|Left to right: Melissa Marr, Martina Boone, Maggie Hall, Rachel Hawkins, Marie Rutkoski|
For quite a few, that passion--at least within their current projects--seemed to center around empowering young women, or exploring the different ways in which power is taken away from women through fiction. That idea of empowerment is, for me, the reason that I wrote the books, and the reason that I wanted to write for teens in the first place. I write for the girl I was, for my daughter, and for the incredible woman my daughter is becoming.
That core translated into my trilogy in several key ways. It gave me:
- Readers I picture as I write. At the beginning, I didn't spend a lot of time thinking about the girls who might read the book. That would have seemed too daunting or presumptuous, and now that I've met my readers it is both more terrifying and wonderful. But picturing three specific young women to whom I wanted the story to speak fueled me from the first page and fuels me every day.
|Nichol, a beautiful teen reader wearing Barrie's necklace at |
NoVaTeen Book Fest! (One of my favorite moments of the day!)
- A main character with passion. I love stories where the main character kicks butt and uses her sword or a gun to plow through the opposition. Even more, though, I love the stories where the the mc uses her brain to accomplish her goals, and yet those stories can feel intimidating too. My daughter has a learning disability and a no gun or sword. (Although she did recently ask for a machete for Christmas because she'll be spending the summer in the jungle of Madagascar, but that's another story.) She doesn't realize how smart she really is. That's why I wanted to create a main character who isn't brilliant or strong or particularly anything special. Even the one very small magic that she was born with seems very ordinary to her and more of a nuisance than anything special.
Like most teens, Barrie doubts herself. She doesn't see the raw material she has to work with. She begins the books having lived a very sheltered life, and she's constantly balancing the need to exert her own individuality and claim some power for herself against the need to be loved and accepted. As it does for many girls, this leads her to make mistakes, but that's okay. Mistakes are how we grow. Barrie hands up for herself, she fights for what she thinks is right. She may be wrong sometimes, we all are. But if something is important to her, she doesn't let anyone tell her otherwise. That passion is a kind of strength of its own, the best kind of strength.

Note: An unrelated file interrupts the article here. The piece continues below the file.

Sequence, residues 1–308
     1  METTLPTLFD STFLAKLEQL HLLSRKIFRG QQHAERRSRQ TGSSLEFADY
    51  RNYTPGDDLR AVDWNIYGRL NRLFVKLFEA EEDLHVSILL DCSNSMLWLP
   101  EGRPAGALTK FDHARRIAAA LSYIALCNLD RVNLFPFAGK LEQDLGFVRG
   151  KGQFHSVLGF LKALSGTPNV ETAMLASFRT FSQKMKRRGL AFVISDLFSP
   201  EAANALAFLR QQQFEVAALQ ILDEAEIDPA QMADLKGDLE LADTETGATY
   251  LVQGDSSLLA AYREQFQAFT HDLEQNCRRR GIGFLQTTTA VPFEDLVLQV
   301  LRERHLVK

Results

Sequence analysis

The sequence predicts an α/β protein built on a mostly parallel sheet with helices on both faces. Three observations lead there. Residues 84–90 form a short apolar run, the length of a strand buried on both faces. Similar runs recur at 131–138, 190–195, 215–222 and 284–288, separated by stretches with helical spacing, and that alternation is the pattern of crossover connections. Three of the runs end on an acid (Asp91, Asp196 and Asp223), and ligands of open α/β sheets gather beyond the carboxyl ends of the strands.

- A framework for the story. There are many different themes embodied within Compulsion. Because this is only the first book of a trilogy, many are only iceberg tips for what is coming, but there's the longing for friends, for sisters, for family who understands you and loves you unconditionally. There's the love of self versus the love of a boy, and the hope of being loved for yourself instead of for something you reflect. There's the sense of isolation girls can feel sometimes, being put in their places or their boxes by the men in their lives, or by society, or by their perceptions of how they look. There's also the question of gender identity, what makes a woman a "woman" or a man a "man"? As the series progress, these themes blend into more of the historical context as Barrie digs deeper into the mythology and history of her family and the island and comes face to face with her own misconceptions about love and gender and race and family and the history that she learned in school versus history viewed through the lens of the different people and families who lived it.
As I had the enormous pleasure of chatting with Melissa Marr, Kristen Simmons, Rachel Hawkins, Maggie Hall, and Marie Rutkowski on the three panels I did with them, and then listening to other panels during the day, the thing that struck me over and over was the many different ways that who they were and what was important to the authors connected them to readers through their stories. That passion was contagious, it transmitted to me as the authors spoke, and it electrified the audience. Having read their books, I can say that it also translates to the written page.
|Left to right: Kristen Simmons, Martina Boone, Melissa Marr|
If there's a magic formula to writing a book that resonates with readers, I think it must be passion. But that passion has to be there in multiple ways. At minimum, the author must have:
- Passion for the concept of the story -- the "pitch" that makes the story unique from the millions already out there.
- Passion for the characters who live within the story.
- Passion for the lessons and choices the characters have to make.
- Passion for the readers who are going to be taking that story and those characters to heart.
- Passion for the core of the story, the kernel of "truth" or the thing in the execution that you would never, ever, ever change even if it meant walking away from the book deal.
Do you find all those things in the books you write? The books you love as a reader?
Ready for a giveaway?
How about a copy of Jodi Meadow's THE ORPHAN QUEEN? You know you want this one, right?